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A Message From The Sheriff

I recently attended an informational meeting along with other local leaders to discuss the issue of human trafficking in Faulkner County. Tina Cope with First Love Ministries helped to lead this discussion. I wanted to share with you some very important information we took away from this meeting because I think it is crucial to keep you - our community - better informed of the issues that are occurring in our county. Please share this with your circle of influence. Each of us can have a great impact on this human trafficking problem. Collectively, we can have an even greater impact. And just to remind you - if you see something, say something.

Sheriff Tim Ryals

Human Trafficking Overview

Human Trafficking is defined as the action of recruiting, transporting, transferring, harboring, or receiving a person through force, fraud, threat, abduction, or deception for the purpose of exploitation, including but not limited to: debt bondage, servitude, slavery, labor, Sex Trafficking, or Organ Trafficking. Anyone can be a victim - yourchildren, sister, brother, mother, father, aunt, uncle, grandchildren, friend, neighbor, or you.

• Force - Physical assault, sexual assault, rape, physical confinement, or isolation
• Fraud - Fraudulent employment offers, false promises about work or living conditions, or withholding wages
• Coercion - Threat to life and/or safety of family members or others, threat of deportation, withholding documents, debt bondage, creating a climate of fear, psychological and/or emotional manipulation

According to the law, anyone under the age of 18 and in any form of sex trafficking is automatically a victim, and they do not have to prove force, fraud, or coercion.


• Noticeably older "boyfriend" or "girlfriend"
• Appears to be under someone else's control, watched at all times, and all or most of their contact with family and friends is controlled or monitored
• Does not manage their own money or their own money is largely controlled by someone else
• Lives with multiple people in a very cramped space
• Avoids eye contact and does not speak for themselves
• Appears to have scars or physical injuries, such as cuts, bruises, or burns
• Does not have possession or control of identification documents
• Changes in attitude, appearance (new clothes, accessories, tattoos), multiple phones, new friend group, etc.
• Exhibits emotional distress, depression, anxiety, nervousness, paranoia, etc.
• Tattoo/branding markings, such as a barcode, crown, numbers, rose, or name/initials of their "boyfriend"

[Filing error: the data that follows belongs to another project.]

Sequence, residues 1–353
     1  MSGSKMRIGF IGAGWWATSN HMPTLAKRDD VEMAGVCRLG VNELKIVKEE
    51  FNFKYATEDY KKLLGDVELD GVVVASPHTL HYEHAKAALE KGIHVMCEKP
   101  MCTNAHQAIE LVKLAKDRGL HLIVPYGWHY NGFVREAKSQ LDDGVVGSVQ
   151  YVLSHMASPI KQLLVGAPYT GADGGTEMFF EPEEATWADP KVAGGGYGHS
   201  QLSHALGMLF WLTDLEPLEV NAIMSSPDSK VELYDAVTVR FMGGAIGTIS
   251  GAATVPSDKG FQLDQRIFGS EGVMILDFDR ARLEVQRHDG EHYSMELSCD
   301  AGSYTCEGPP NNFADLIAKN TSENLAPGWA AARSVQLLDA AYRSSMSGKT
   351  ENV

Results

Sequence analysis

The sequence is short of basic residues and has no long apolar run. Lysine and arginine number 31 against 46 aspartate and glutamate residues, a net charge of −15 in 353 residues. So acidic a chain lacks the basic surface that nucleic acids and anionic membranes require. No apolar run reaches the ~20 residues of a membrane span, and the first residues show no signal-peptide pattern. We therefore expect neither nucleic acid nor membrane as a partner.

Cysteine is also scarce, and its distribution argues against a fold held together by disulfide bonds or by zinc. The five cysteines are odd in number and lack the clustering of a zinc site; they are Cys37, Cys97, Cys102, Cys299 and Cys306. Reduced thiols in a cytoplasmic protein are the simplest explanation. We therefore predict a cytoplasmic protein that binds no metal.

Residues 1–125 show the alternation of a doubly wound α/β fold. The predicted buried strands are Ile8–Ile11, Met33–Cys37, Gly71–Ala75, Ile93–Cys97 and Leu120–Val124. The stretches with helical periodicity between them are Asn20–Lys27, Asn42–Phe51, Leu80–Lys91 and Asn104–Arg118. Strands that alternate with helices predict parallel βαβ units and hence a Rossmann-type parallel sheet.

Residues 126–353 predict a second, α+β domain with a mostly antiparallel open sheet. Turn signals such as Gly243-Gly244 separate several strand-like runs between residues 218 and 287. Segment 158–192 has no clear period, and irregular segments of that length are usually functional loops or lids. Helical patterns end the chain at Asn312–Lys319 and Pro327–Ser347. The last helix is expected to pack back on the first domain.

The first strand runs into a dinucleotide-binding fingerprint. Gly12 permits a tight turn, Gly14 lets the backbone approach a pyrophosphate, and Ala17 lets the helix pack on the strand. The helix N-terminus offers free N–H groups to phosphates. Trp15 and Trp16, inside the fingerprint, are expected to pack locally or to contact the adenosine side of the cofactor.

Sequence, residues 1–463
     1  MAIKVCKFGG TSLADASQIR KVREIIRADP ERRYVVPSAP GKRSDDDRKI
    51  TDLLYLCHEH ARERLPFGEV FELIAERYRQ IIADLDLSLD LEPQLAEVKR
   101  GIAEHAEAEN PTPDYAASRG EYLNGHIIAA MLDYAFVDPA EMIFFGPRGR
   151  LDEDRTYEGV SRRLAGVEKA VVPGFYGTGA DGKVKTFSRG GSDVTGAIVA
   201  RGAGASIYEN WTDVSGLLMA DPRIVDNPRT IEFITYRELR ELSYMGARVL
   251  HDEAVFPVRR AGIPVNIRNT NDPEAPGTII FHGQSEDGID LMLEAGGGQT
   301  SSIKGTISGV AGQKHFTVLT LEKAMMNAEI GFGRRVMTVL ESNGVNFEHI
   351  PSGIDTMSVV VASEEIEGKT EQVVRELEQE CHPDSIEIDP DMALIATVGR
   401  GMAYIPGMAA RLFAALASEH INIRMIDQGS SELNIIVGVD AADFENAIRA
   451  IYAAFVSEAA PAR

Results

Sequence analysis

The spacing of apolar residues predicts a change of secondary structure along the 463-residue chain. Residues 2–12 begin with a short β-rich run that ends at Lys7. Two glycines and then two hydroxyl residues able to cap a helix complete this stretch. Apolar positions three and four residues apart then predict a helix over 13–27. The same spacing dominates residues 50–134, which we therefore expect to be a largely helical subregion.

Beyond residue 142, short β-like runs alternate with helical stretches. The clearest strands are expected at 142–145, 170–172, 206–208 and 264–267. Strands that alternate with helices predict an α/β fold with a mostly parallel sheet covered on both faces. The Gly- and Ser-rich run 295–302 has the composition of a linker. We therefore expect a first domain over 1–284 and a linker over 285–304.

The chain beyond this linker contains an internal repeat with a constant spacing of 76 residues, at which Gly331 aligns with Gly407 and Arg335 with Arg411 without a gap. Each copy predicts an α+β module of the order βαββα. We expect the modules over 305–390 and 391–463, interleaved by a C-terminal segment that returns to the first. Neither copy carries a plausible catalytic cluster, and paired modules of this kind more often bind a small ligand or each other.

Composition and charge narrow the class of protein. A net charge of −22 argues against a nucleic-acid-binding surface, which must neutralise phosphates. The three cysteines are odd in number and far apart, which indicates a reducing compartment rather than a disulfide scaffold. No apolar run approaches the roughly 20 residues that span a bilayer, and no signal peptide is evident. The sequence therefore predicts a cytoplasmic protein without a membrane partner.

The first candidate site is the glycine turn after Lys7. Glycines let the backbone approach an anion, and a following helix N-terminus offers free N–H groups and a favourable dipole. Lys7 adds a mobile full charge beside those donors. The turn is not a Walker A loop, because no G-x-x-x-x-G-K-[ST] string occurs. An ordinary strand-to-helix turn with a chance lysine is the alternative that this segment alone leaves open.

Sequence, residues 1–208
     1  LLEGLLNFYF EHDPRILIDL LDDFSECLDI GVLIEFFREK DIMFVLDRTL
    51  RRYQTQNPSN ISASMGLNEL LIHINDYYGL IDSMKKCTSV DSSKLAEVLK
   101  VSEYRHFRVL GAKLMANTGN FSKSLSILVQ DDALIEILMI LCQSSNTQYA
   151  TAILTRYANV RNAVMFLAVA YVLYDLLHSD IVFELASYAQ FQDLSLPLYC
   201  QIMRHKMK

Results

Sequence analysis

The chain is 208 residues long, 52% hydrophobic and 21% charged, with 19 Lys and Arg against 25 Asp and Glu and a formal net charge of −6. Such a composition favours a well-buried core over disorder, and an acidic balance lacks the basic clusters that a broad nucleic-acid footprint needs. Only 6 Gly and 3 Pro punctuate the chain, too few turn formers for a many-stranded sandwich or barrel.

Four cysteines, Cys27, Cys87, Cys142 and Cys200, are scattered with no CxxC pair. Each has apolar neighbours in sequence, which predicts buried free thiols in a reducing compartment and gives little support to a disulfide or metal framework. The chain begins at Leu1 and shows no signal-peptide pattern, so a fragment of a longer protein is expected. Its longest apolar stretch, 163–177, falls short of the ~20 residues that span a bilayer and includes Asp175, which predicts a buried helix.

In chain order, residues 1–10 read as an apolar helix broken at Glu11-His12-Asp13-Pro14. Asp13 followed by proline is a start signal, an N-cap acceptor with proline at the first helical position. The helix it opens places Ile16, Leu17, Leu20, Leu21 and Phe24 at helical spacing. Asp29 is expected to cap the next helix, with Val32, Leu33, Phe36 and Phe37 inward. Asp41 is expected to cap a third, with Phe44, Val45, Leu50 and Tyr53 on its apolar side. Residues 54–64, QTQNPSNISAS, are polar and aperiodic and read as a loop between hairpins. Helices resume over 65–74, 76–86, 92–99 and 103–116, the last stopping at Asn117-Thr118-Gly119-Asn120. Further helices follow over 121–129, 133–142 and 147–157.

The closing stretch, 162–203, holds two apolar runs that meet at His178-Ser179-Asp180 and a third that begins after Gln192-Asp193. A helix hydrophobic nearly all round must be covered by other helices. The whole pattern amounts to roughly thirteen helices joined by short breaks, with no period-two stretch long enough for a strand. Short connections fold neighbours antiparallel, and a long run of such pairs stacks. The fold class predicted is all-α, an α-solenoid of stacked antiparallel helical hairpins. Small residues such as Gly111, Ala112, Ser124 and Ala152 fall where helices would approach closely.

• STDs or STIs, multiple pregnancies, or poor health


• In the August 2017 ARBEST (Arkansas Building Effective Services for Trauma) report, Faulkner County and White County were cited as having the highest at-risk youth.
• An estimated 200,000 slaves are in the United States and hidden in plain sight.
• Human Trafficking is the fastest growing criminal industry in the United States, and according to the United Nations, has surpassed Drug Trafficking as the leading criminal enterprise.
• Human Trafficking generates more than $99 billion a year (data as of 2014)
• In the United States, approximately 600,000 to 800,000 people are being exploited. Of those, between 300,000 to 500,000 individuals are Sex Trafficking victims, and 98% of victims are female - half of who are under the age of 18.
• Human Trafficking exploits a reusable a product - a human. Drugs and guns can only be sold once, but a human exploited is sold again and again and again. On average, a woman who is a victim of trafficking will bring in $250,000 to $300,000 over the course of three years in slavery.
• 54% of victims were recruited by strangers, and 46% were recruited by people they know.
• Within 48 hours, 1 out of 3 runaways will be approached by a trafficker.
• The average age of a trafficking victim is 12 to 14 years old with many cases citing children as young as 8 years old.
• The growth in sales of child pornography has increased the demand for younger victims.
• Traffickers seek children in the foster care system, runaways, intellectually-delayed children, and children living with guardians other than their parents.
• Arkansas is experiencing an influx of gangs that run Human Trafficking rings.

• People from every profession and season of life can have a positive impact on this crisis.
• If you are aware of or suspect trafficking, please do not attempt to remove the victim - call 911! If possible, take notice of what they look like, what they are wearing, and the location where you saw them.
• Share what you know. Talk to friends, family members, and coworkers about Human Trafficking.
• Take a stand. Join us in our fight to end Human Trafficking.

Support Businesses that Help Human Trafficking Victims and Survivors
Kairos Traders
Still Being Molly
Thistle Farms

Exodus Cry
Immerse Arkansas
OUR Rescue
Magdalene Serenity House
Polaris Project
Shared Hope International

Nefarious: Merchant of Souls
Operation Toussaint
Very Young Girls
What I've Been Through Is Not Who I Am

Making of a Girl(5-minute video regarding commercial exploitation of children)

The National Human Trafficking Hotline: (888) 373-7888

Sources: Polaris Project, United Nations on Drugs and Crime, Human Rights First

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